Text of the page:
Paul Seabright, 16 June 1983

Consequences of Pragmatism: Essays 1972-1980 
by Richard Rorty.
Harvester, 237 pp., £22.50, February 1983, 0 7108 0403 2
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... those who loom large in this pantheon are Hegel, Heidegger, Wittgenstein, Foucault, Dewey, Cavell, James, Davidson and Derrida. At its best, Rorty’s writing has energy, humour, great tolerance, an exemplary clarity that can illuminate even the darker reaches of Heidegger, and above all a rare ability to communicate ...

Dream on

Alexander Nehamas, 17 July 1997

Dinner with Persephone 
by Patricia Storace.
Granta, 398 pp., £17.99, February 1997, 1 86207 033 4
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... centuries earlier – uncontaminated by later, particularly foreign, intrusions. ‘The Romans,’ James Davidson wrote recently in these pages, ‘were so thorough in forestalling the possibility of any actual heroics that might disturb the Roman peace that the dream-world of discourse was the only space left to the Greeks for great deeds’ (LRB, 23 ...

Experience

Christopher Peacocke, 18 December 1986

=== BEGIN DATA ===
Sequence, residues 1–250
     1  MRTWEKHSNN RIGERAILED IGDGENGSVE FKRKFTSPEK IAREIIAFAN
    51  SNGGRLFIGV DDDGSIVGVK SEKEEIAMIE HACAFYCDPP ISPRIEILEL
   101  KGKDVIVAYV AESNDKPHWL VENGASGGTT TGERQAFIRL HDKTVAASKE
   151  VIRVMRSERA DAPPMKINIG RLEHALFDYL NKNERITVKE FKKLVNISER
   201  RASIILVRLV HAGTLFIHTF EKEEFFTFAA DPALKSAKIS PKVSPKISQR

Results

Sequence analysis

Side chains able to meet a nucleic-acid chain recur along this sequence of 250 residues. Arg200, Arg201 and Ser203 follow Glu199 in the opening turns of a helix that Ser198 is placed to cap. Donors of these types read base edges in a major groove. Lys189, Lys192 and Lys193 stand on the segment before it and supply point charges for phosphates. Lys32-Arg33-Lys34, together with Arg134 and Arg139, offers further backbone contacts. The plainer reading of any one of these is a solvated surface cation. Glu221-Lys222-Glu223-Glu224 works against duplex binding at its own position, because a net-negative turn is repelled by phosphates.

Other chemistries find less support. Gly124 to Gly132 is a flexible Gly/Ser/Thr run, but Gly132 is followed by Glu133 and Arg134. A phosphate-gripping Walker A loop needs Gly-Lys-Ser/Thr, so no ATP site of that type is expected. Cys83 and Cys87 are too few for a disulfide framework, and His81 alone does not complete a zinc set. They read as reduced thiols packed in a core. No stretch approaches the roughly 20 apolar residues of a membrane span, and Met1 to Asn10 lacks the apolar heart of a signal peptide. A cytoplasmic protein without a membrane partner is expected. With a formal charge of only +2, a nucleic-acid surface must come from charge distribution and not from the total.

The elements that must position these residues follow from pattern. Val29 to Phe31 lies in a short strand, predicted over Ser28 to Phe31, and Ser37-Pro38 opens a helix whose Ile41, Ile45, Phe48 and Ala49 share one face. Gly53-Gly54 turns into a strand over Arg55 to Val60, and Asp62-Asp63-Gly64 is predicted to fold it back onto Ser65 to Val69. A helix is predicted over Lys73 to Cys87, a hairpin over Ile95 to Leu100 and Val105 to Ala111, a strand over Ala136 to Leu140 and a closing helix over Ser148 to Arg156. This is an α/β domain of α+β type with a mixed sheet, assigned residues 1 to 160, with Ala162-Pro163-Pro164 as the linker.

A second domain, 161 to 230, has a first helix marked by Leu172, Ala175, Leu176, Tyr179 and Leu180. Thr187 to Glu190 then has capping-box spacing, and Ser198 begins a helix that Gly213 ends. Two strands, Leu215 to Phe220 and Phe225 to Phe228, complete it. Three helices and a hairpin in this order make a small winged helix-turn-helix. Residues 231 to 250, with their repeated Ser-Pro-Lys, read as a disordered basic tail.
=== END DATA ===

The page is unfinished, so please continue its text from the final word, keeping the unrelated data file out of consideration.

Truth and Interpretation: Perspectives on the Philosophy of Donald Davidson 
edited by Ernest LePore.
Blackwell, 520 pp., £29.50, April 1986, 0 631 14811 6
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... philosophy, has edited the proceedings of the 1984 Rutgers conference on the philosophy of Donald Davidson. The scale of that conference is reflected in the size of this volume, which contains 28 substantial papers. And this is but half the story: a companion volume of similar size, drawn from the same conference, and dealing with ...

Yearning for Polar Seas

James Hamilton-Paterson: North, 1 September 2005

The Ice Museum: In Search of the Lost Land of Thule 
by Joanna Kavenna.
Viking, 334 pp., £16.99, February 2005, 0 670 91395 2
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The Idea of North 
by Peter Davidson.
Reaktion, 271 pp., £16.95, January 2005, 1 86189 230 6
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... exercised over me little of the magic it has for so many others, including Kavenna and Peter Davidson. ‘The Idea of North’ was the Canadian pianist Glenn Gould’s phrase and the title of a radio documentary he made. ‘I have an enormous compulsion to look upon the polar seas,’ he wrote to a friend in 1965, ‘and I find that this is growing apace ...

The Contingency of Language

Richard Rorty, 17 April 1986

... used to describe a variety of topics. More specifically, I shall be describing the work of Donald Davidson in philosophy of language, and of Nietzsche, Freud and Harold Bloom in moral psychology, as so many manifestations of a willingness to drop the idea of ‘intrinsic nature’, a willingness to face up to the contingency of the language we use. I shall ...